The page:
Advertisement

Ground Down by High-Rise Fever

<i> Laurence Goldstein is a professor of English at the University of Michigan, where he edits Michigan Quarterly Review</i>

Since moving many years ago to the downtown neighborhood of this college community, I have watched an ever-fragile Main Street shopping area gradually wilt under the hammering competition of malls and cut-rate department stores at the city’s outskirts. Now the City Council has warmly embraced a proposal that would bring more foot traffic to downtown by erecting high-rise, multi-use buildings a block west of the modest one- and two-story shops.

If this is good news, as the downtown merchants and developers and planning commissioners think, why do I feel so melancholy?

The short and selfish answer is that these structures will act as a physical barrier between downtown and the neighborhoods that have loyally nourished it. The longer answer involves the high-rise concept itself, and the misgivings that I share with many others about the way a long-standing infatuation with tall buildings has alienated us from our cities.

The architect Mies van der Rohe warned us, when he helped to popularize the glass-walled buildings that now dominate our environment, that cities have become impersonal because the individual has lost significance in Western culture. Such buildings are designed to measure down our inflated private egos, as Stonehenge must have reminded the Celt what a diminished thing he or she was, and as Gothic cathedrals similarly functioned for anyone vain enough to enter them in a mood of self-importance. The high-rise points away from ordinary satisfactions; it speaks to us, imperiously, of institutional power and goals compared to which our individual desires and achievements are trivial.

Advertisement

When did the euphoria about tall buildings evaporate? In earlier decades of this century the skyscraper was a national symbol of triumphant American technology and cosmopolitan splendor. Especially in Manhattan, the Empire State and Chrysler buildings, and later the Seagram tower, stirred utopian dreams of a prosperous, purposeful society spiritually fulfilling to each of its members, all directed by the intelligences at work in those lofty offices. Georgia O’Keefe and Charles Sheeler painted skyscrapers in radiant tones, as if they grew upside-down from heaven, concrete and steel expressions of God’s will.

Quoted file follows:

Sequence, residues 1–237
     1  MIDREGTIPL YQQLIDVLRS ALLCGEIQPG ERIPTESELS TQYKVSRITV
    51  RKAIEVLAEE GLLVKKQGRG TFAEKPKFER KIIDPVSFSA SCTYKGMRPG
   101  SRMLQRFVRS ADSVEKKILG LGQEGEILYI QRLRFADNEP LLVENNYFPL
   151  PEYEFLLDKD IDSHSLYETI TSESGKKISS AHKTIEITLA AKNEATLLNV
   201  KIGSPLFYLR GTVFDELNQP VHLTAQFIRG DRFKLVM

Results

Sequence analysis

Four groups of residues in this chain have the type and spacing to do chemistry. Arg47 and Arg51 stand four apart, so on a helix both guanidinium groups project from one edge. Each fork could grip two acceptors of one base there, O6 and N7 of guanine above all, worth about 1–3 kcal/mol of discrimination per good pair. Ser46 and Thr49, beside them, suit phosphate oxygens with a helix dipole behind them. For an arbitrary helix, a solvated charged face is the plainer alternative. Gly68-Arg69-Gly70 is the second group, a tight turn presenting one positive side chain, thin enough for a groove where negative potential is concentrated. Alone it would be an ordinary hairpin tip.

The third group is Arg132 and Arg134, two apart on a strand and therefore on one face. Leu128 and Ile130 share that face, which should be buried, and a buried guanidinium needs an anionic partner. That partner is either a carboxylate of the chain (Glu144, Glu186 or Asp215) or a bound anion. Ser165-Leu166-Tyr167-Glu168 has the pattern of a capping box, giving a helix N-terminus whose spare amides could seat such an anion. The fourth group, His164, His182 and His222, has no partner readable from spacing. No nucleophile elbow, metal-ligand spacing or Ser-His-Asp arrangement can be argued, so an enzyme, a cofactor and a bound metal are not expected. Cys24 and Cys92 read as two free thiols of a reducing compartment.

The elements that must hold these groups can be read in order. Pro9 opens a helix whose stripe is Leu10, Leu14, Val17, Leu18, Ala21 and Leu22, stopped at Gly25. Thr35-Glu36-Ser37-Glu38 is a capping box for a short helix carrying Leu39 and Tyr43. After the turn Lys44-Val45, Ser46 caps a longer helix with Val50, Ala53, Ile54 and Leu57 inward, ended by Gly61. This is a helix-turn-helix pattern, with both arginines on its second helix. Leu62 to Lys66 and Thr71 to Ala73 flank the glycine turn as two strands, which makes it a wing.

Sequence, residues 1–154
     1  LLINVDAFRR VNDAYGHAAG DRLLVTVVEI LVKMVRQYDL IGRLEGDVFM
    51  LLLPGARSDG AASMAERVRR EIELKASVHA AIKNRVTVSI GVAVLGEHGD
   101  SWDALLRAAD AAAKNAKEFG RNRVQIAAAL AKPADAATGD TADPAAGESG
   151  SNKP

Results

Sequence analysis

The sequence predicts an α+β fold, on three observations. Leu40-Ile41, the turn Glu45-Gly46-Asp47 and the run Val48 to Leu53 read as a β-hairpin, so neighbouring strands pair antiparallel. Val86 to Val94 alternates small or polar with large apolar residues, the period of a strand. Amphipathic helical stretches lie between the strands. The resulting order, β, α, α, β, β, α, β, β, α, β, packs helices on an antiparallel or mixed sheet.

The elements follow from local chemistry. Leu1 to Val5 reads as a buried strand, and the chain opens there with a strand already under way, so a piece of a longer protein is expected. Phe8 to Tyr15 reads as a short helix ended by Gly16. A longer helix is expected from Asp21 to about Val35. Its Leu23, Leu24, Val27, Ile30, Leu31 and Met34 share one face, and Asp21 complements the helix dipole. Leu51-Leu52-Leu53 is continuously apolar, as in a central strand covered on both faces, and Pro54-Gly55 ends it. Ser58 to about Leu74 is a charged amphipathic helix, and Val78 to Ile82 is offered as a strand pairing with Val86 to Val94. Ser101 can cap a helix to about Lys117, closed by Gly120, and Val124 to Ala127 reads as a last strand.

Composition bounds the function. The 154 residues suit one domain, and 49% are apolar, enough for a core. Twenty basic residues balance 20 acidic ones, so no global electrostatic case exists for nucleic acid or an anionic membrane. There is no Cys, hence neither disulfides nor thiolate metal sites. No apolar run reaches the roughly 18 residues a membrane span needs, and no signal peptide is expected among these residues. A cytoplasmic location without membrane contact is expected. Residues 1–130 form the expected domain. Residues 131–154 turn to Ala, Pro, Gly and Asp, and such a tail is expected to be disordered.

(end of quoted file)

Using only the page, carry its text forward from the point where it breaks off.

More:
Since the 1960s, however, the proliferation of monolithic slabs and rounded towers, and scalloped or sculpted versions of the same basic design, has created an increasingly claustrophobic effect. The healthy eye needs a horizon, Emerson said. The glass curtain-walls of these buildings block the vision and weigh on the imagination of city-dwellers. It isn’t surprising that so many science-fiction writers look with foreboding into a future of anthill-like city-states where billions of people are crammed into colossal warrens.

Because high-rise strutcures are essential to the efficient functioning of modern society, they will continue to be built, in one style or another. Nobody doubts their usefulness, or their necessity. And a moment’s thought tells us that, as with every other artifact of modern technology, we will conform to what we live with or inside of, whether we like it at first or not. Already we are numb to the forbidding exteriors, the sterile interiors, the labyrinthine parking structures.

For each of us there is a memory of some human-scale neighborhood that grew heartlessly higher and higher as friendly stores and homes yielded to the looming ramparts of corporate America. For me, the present-day Ann Arbor is about to become such a memory, and its rising skyline overshadows more than nearby houses. Isn’t there some way to make a sense of regret inform public policy, at least a little? To use against his legacy the observation of Mies van der Rohe that less is more?

Advertisement


Advertisement
Advertisement